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The Malakoff News
Malakoff, Texas
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August 11, 1932     The Malakoff News
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August 11, 1932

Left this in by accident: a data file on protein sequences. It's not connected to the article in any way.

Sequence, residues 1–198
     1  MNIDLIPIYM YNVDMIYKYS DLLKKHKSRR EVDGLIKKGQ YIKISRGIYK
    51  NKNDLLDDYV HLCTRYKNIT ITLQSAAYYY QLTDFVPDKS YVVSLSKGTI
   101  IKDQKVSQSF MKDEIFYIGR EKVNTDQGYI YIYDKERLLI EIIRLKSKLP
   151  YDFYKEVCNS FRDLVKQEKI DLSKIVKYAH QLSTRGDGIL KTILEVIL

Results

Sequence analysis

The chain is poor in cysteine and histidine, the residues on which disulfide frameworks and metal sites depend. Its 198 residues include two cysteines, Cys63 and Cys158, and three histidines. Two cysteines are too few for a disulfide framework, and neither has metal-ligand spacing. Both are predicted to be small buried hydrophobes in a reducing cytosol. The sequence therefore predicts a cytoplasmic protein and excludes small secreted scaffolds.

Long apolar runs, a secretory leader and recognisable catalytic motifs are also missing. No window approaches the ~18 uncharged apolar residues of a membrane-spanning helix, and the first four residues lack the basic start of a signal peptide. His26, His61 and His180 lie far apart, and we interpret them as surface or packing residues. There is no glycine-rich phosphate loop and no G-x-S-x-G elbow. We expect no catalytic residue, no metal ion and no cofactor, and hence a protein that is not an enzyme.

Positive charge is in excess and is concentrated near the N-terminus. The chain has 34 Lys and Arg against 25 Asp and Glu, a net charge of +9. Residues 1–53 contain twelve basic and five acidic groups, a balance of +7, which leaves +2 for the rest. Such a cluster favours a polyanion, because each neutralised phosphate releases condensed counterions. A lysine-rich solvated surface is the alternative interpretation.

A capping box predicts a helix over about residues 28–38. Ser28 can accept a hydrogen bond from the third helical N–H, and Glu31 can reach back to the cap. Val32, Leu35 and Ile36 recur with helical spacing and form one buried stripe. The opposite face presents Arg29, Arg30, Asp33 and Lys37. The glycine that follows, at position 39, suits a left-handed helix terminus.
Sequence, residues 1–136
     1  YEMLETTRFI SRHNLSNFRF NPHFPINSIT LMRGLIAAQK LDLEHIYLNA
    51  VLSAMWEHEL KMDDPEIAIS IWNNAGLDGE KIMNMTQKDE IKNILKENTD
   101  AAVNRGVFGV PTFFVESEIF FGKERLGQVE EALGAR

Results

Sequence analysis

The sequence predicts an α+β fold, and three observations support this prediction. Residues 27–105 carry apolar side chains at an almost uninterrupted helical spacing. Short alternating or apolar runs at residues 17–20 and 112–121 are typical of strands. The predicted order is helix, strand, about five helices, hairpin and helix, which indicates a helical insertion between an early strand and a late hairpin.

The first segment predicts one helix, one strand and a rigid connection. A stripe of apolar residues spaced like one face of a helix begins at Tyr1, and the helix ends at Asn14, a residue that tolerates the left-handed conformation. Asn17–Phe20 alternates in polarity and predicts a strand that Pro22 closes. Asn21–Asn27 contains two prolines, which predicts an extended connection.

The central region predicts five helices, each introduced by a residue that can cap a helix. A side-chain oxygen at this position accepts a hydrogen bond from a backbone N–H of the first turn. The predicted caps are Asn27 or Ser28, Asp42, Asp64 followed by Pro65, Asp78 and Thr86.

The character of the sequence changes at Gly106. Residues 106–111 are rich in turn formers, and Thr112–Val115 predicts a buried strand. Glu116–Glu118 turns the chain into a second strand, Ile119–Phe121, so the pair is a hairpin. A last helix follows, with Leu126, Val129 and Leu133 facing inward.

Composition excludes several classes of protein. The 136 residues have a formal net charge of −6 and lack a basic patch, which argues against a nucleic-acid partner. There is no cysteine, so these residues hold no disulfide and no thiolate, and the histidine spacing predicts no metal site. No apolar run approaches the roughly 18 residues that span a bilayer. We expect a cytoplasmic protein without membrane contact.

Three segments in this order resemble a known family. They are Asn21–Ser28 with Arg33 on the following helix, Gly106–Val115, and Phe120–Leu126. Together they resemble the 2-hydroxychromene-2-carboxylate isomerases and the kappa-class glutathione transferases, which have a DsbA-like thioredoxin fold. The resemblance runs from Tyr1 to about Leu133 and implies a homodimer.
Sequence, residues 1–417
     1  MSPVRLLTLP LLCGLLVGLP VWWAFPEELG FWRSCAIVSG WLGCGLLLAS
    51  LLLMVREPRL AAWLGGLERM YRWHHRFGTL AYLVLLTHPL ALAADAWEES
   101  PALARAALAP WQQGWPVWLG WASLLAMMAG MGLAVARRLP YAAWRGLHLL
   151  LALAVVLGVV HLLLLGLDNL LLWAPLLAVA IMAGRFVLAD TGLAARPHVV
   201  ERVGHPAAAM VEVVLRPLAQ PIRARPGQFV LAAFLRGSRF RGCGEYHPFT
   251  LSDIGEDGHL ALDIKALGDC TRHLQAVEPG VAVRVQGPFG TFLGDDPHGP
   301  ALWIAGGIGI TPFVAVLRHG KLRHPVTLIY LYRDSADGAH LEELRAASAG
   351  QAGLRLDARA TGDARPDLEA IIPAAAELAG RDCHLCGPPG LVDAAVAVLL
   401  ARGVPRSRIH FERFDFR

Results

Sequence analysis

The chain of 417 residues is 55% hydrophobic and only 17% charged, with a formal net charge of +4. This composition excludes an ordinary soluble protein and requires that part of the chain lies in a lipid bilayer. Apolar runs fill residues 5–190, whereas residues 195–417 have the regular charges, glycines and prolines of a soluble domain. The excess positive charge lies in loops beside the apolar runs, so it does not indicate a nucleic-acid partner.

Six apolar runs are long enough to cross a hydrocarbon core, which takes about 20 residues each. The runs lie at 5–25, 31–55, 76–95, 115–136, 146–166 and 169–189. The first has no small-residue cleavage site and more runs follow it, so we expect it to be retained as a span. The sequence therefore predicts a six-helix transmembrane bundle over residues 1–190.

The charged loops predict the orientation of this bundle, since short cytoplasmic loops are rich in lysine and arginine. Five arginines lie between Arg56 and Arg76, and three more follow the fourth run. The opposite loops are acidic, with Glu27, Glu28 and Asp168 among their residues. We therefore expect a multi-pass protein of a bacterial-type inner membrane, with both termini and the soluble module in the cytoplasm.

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THE " *FF NE, W8 at the Postoffice at Malakoff as second class matter. L. J. SCHOL , EDIVOR Price $1.00 a Year. Advertising Rates on request. %! ~: and Cards of Thanks must be paid for at regular rate. error in advertisement this paper will not be re- for more than the cost of the advertisAment. ASs special precaution during )hold, it is aug- people boil all of the drinking water and to be equally water that is for milk giving cows good suggestion, but i declare that there Typhoid in the comes from the local Ponds and pud- dles, however, from which cows are permitted to drink, are not so safe. More attention should be given to this matter by cows owners, and those who purchasel their milk should ascertain thel source of the water supply of the] cows that furnish their table. It mmnch better to be safe than sorry. J / J IT'S O. K by us for candidates speaking representa- differ their views, and to denounce the other, but we could enjoy it more if they would elect to choose dif- ferent days for the presentation views in our city. When ,come together we cannot enjoy the first for wonddring what the second is going to say, then we cannot enjoy the second for trying to remember what the first one said. Then too, it is hard for the whole citizenship to greet the visitors in the spirit in zrhicb it should when the oppo- sition is too strong and after : they hava departed the job then peace and harmo- ayamong ourselves Let's have political speeches one at a Current Comment From Washington t,4t,4,4p,~4,4t, Q,t-4t,4,4~4,4~t For the entertainment of those who like iigures and statistics, the following items are noted Five million voters will cast their first ballot in November. A mother ll6years old, and her son, age t9, are granted a sta pension in New Jersey. The population of Japan has doubled in sixty years. A Pennsylvania man has found a turtle carrying a date carved 71 years ago on its shell, Travel bv airplane has in- creased 130 per cent i n six mouths. A Canadian has pictted up a bottle containing a distress message flung into the sea 34 years in the past. --.o-- Quotation for the week. "It is always safe to learn, even from our enemies; seldom safe to in struct, even our friends." --o.-- France and England have do e a little whispering among them- selves regarding war debts, but the President is quoted as say- ing that our debt policy will not be altered by a reementm that European countries may make on the side. ---o-- Premier Herriot says that the Anglo French treaty is not aim- ed at the United States. This may be true, but a different marksman may pick up the gun latter. .-.O--= i I i ii , i i,ii iiii ,,i - Days We'li Never Forget eo -e-e-e @ @ (Kansas) Globe I Bread, From Prehistoric Times to the Preser However it came about, it seex~ likely that some ages after tl~e dtsco~ ery of fire, prelli~torlc man in his ha) for food found that by picking ao eating the heads of the grain, tim grew in the fields, he could satisfy hi hunger. To avoid eating the whol, plant, he learned to grind the grain bit between stones, aml it is appar ent from the worn off teoth of mun miss "that he also ate same of th ground stone along with his gr.d] However, there we had the first lloilt To make the cracker grain go dew" better, some one tlmught of addlnl water, and. ergo, the first dough. A few generathms later one of th~ youngsters grew careless and droppe- some of his grain and water mixture on a hot stone. Every one looked and tasted---and started drlpplng more dough on more hot stones. They had discovered that bread was good. Then one day a careless cave lady forgot and left her dough sitting out over night. She didn't know it, but in that time it picked up some wild yeast floating in the air. In the morning when she started to make up the day's dry, flat pancakes, she dls- covered that the batter buhhled and rose on baking and the bread was de- llghtfully tender and moist instead of hard and dry. Then dough was left out over night--and leavened bread was born. City of Halifax Linked With American History Halifax claims to be one of the most strongly fortified cities in the world. Its citadel, or Fort George, standing on an eminence above the city, took nearly thirty year's to build. Its splen- DAY AND NIGHT STAND Open Day and Night W. H. SONENDRIKER Proprietor -:" HOTEL ":" OUI HI AN NEW -- FIREPROOF Joe M. Hallaman,/Vlgr. h TES $1.50 to $3.00 per day Every room with circulating ice water, Lavatory, bath or shower. "ITS IN DALLAS" WHEN IN ATHENS Eat at Murrell's Cage On Highway No. 31 Just Off Square. did harbor is spacious enough to hold the whole British fleet. Point Pleas- EAF ." ant park is reserved by the crown for purposes of defense, but Is leased to ~ U.bU~'- r~l~U the city for a pleasure ground for the sum of a shilling a year for 99 years. Its Martello tower was built under the direction of the duke of Kent in 1796. The Northwest arm, famous for Its scenery, and its facilities for all kinds of aquatic sports, also boasts a memo- rial tower, built at the time of the ad- vent of representative government in 1758. St. Paul's church, Halifax, is the old. eat Protestant church in Canada, and contains memorial tablets to such his- toric figures as Sir John Wentworth, a governor of New Hampshire before the Revolution, and afterward gov- ernor of Nova Scotia; and Right Rev- erend Charles Inglls, D, D., first Protestant Bishop of British North America. Bread Made in Henderson County J. A. BALLARD UNDERTAKER Embalming--Co and Ambulance Service Day Phone 100 Nite Vaccine's Beginning It must have been at a date almost coincident with Jesty's and Jenner's ~t"perlments with vaccine that Lady Mary W~rtley Montagu brought to ~lrkl~h method of ~- writes a corre- The II O Texa came popular andreceivedadid the A,n0u m0ut8 :dance on Jurm 19th The on the on Sunday gives proof The News is authorized to an the white nounce the following candidates against such ac- for office, subject to the action of and it is our opinion that Democratic primary July 23.1932 md harmony among the and colored portions of our could best be promoted if the colored people would con- duct th sir entertainments in their own quarters IE Dark clouds that have been over the southern states Dust two years, parted week as the first government report estimates the at 11,30 ,000 bales, y below an As the result of t h e fleecy staple bale. Crop Reporting Board pro- ; the ultimate outturn would be even after considering the weevil infestation which, they is more severe than at , time since 1928, coupled with the showery conditions in the val- ley and Eastern states. If the any ma- ss- be too Fall. For Representative, 54th District J. H. Towery, [re-election] For County Judge: John W. Baliow For District Clerk: Mrs. Kate 6aunttJ Nowlin Walter Dean For District At rney: Ben 6reenwood (re.election) For She ritP. Jess Sweeten For County Clerk: D0lph B. Tillison (re-election) Per County Treasurer: , D. R. Cartlidgc J, A. Murchisml For Tax Collector: O. C. Trull For Commissioner, Precinct 2; R. N. (Bob) Johnson M, C. Andrews For Constable, Precinct 8: A. W. Leopard (reelection) Hugh Pickle Justice of the Peace, Precinct 8 Walter Young For Public Weigher: Thad Stacy Jack Perry OUR National heritage of liberty and justice is rooted in the religious tra. ditions of our forbears. Our moral fibre is a religious inheritance from the men and women to whom America owes her foundation and preservation. Throughout onr history, the church stands as a glorious, unchanging in- fluence. Today, as always, our good citizens observe the Lord's Sabbath in church. @ First Baptist Church Rev. Wallace Clark, Pastor First Hethodist Church Rev. E. L. Edgar. Pastor :i:> wishes to ex~'en Lady Mary for the self received from this art which softens the virulence of this malignant disease." Lady Mary like Jesty, first tried the experiment of inoculation on her own family. The epitaph Is dated 1789. For a time, one supposes, the two methods of ln- oculation went on side by side. but the Turkish method, proving Injurious in too many cases, was dropped.--De- troit News. Happy to Oblige Two Englishmen in India spent their leave shooting bear. Their first day they had no luck until sundown, when one got a chance of a shot and killed. It transpired, however, the victim was an old native woman, and no bear. As they were discussing the matter the headman of the village appeared. They po|nted out how sorry they were such an accident had lmppened, and offered to make a reparation. The headman suggested the sum of 200 rupees--or Just over $60. Three years later they went to the same district again shoot- Ing bear. They arrived at the bunga- low at night, and once again the same headman appeared. He made a simple request. "If you sahibs have another 200 rupees. I have another old woman for you to shoot." "PngHm Fathers" The term "Pilgrim" is used In ref- erence to the earllest immigrants to M~sachusetts, but more especially to the settlers at Plymouth In 1620. The term must be distlngulshed from Puri- tan, which was that given to a body of religious reformers who sought tb re- form the Church of England. The Pil- grlms were separatists from the first, who had already left England and formed an independent congregation in Leyden, whence they came to New England. English "Public Sehooh" The term "public school" does not mean the same in England that it does In the United States. Eton, Harrow. Winchester and the like are the fa- mous public schools, but tuition is charged. The schools in England which compare with our own pub Uc schoola a~e called "free schools." Only the poorer cluses attend for the most part. They are not considered am having ae high ~andards as the ~oumm4s of 9tlvate achool~ In End- , Aug. 11.12- orrespondent with Jack Holt, Ralph Graves and Lila Lee Admission 10c and 25c Saturday, Auuust 13- TOM MIX & TONY in Destry Rides A Admission: 10 a. m. tol p m.__10c--20c 1 p. m. to 9:30 .... 10c--25e Saturday Night 10:45 A New Show ! CONSTANCE BENNETT in What Price Hollywood with Lowell Sherman and Neff Hamilton Come at 9:30 Saturday and see two shows for 35c, Ill Sunday Matinee, Aug. 'What Price Hell Shows at 2:15 and 4 p. m. Admission 10c and 25c Monday Tues., Au Red Headed with Jean Harlow, Morris, Lewis Stone and Una Merkel Children 10c Adults 25c Wednesday, Aug. 17-- " IGHT WORLD" with Lew Ayres, Mae Clarg and Boris Karloff BARGAIN DAY 10c-- 8